When an opportunity comes along to look into something outside of our usual interests, we took up the challenge with excitement. Our client needed a way of getting 360 degree images into their systems, but needed a unique solution to do so. They had strict criteria around the use of images and we had to come up with a way of capturing the images and getting them in. They needed accurate images so they can work out what is needed to take the survey ready for various works.
The purpose of this experiment was to capture images of a specific location to give consumers the ability to see what is facing the location. Google Street View was fine, but the images can be unpredictable and out of date, therefore another solution is required.
Unusual proof of concept
We had to solve a number of problems as well as keeping the quality of the images to an acceptable level. This needed a fusion of our traditional technology and software skills, but also we had to now work out how to fabricate a vehicle mounting.
We set about the task by searching the market for a 360 degree camera. Plenty were available, mostly very expensive systems that required large software systems to create the images. They were good, no doubt about that. But the images they produced were either far too large to work with or create proprietary files, readable only by expensive software.
We needed something that could meet the client’s requirements. After evaluating a number of options, we discovered a way of adapting a Digital SLR camera lens. A parabolic mirror fitted to any DSLR lens meant an image could be taken by pointing the camera upwards. The other benefit is the image created will be compatible with the client’s policies, seeing as it is a standard JPG file.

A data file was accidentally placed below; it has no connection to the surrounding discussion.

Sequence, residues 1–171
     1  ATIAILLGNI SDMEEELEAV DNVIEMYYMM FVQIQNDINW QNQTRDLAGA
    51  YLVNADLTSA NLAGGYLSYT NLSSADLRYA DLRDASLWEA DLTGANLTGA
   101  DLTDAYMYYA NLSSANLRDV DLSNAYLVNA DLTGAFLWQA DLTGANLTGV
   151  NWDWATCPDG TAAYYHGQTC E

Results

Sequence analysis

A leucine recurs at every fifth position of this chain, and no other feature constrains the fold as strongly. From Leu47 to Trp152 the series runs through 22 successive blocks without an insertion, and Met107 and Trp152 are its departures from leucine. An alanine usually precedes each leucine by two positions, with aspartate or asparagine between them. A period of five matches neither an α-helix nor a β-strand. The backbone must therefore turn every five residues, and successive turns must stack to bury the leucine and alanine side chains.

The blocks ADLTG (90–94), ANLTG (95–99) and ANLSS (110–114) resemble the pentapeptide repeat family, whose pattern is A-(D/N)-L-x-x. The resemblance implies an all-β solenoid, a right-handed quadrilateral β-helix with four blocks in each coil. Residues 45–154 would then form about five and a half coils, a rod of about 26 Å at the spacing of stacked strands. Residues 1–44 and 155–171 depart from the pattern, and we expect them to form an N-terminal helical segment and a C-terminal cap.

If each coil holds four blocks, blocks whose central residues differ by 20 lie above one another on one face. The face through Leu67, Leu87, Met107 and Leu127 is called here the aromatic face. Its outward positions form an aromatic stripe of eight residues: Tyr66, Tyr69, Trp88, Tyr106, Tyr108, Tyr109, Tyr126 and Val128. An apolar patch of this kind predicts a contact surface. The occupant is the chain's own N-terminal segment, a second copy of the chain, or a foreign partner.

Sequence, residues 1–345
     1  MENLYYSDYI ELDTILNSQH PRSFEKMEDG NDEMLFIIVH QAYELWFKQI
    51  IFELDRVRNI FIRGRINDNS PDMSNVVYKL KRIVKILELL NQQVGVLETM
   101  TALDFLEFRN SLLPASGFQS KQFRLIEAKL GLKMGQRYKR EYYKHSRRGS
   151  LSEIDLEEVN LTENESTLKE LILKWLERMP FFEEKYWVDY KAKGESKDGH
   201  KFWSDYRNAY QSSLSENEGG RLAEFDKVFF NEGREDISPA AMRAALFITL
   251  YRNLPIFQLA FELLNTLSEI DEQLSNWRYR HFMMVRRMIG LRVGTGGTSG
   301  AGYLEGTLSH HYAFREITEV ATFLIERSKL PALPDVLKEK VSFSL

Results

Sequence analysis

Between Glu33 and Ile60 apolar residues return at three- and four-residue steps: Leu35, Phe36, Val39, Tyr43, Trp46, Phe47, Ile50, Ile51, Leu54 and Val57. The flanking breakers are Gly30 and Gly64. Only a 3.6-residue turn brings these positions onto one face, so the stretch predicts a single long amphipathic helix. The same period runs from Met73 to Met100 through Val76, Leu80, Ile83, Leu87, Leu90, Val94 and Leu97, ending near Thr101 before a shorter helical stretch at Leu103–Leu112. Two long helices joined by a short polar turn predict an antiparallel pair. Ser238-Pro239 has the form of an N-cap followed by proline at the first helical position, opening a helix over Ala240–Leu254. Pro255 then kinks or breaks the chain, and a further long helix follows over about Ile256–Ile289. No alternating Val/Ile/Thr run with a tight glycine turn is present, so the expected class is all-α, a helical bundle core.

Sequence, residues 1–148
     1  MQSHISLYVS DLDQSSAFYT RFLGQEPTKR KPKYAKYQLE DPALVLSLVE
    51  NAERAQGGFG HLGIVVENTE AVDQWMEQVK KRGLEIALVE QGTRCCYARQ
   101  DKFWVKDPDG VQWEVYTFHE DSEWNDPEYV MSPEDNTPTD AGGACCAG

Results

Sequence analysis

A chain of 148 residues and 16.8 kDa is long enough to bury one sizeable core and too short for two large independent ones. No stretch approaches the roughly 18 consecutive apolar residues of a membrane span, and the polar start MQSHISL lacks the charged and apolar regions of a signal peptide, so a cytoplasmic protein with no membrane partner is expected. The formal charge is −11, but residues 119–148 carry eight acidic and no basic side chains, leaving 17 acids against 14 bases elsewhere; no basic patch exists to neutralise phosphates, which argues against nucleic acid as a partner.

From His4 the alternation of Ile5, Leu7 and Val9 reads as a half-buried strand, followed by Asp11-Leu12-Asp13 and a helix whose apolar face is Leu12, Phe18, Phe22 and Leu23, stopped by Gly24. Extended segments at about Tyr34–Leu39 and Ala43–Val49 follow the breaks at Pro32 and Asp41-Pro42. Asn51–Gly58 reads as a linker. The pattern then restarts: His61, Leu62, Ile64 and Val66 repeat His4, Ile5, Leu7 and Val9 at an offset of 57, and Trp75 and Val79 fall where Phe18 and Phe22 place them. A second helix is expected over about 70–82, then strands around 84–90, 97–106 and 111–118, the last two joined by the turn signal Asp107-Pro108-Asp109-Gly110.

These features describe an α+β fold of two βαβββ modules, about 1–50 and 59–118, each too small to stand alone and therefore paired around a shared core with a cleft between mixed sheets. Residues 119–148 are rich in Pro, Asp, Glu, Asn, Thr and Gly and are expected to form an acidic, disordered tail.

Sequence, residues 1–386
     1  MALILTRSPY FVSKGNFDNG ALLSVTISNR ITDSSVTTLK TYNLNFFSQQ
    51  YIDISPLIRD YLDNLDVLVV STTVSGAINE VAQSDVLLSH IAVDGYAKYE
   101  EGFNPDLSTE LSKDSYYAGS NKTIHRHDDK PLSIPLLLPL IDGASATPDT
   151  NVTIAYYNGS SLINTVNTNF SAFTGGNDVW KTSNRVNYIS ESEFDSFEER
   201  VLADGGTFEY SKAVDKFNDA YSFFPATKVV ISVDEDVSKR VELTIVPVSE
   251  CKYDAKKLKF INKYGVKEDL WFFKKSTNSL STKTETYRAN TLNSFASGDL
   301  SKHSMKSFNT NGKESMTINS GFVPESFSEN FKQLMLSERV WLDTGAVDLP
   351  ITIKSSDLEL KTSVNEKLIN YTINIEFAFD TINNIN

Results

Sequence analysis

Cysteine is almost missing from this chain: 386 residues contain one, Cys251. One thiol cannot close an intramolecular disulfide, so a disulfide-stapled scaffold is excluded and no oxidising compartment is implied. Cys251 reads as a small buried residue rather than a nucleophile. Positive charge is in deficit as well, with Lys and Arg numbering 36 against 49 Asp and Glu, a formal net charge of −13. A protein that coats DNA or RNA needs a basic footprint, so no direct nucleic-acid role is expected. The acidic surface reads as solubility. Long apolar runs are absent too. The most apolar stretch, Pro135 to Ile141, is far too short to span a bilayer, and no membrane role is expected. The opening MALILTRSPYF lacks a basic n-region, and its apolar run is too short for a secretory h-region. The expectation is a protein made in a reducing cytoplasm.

Mounting and testing
The client wanted to draw up in a vehicle, and take the image of the location. The camera type was high-end Canon and Nikon, so the lenses were readily available. Since the image produced was a donut shape, some simple software on a laptop could process the image into a 360 degree viewable and zoomable image. All processing could take place in the vehicle and emailed back to the office.
For the proof of concept, we turned to some skills not necessarily linked to our normal work, that is woodwork. A box was carefully crafted to be mounted on a set of roof bars, which were then mounted to a car. An operator sitting in the back seat with a laptop had control of the camera settings, as well as zoom and focus. Upon arrival on site, the camera is tweaked and a single shot took the image. We worked out that having a higher resolution camera helped get a finer image due to the camera now operating outside it’s normal mode. When taking an image normally, there is usually about a 106 degree field of view. By making a 360 degree image, this is roughly three times, resulting in a three time reduction in image quality. Using a high-end camera with a large pixel count reduces this error, giving a fine image.
Under test, the solution performed perfectly and images were emailed back to the office in both raw (the circular image) and processed (the 360 degree image), and both performed well.
Moving into video
The concept worked well and it was taken into production with good results. The rather unorthodox roof rack required drew some attention, but it was the results that mattered. Further refinements to the roof arrangement made the system a little more aesthetically pleasing, and they are now considering moving into 360 degree videos, allowing their clients to walk through buildings, with the ability to move their perspective as they wish.
The project allowed us to move into areas we had previously not experienced in the past. It proved we can also think a little more out the box than normal and was a pleasure to succeed in what was a very interesting challenge.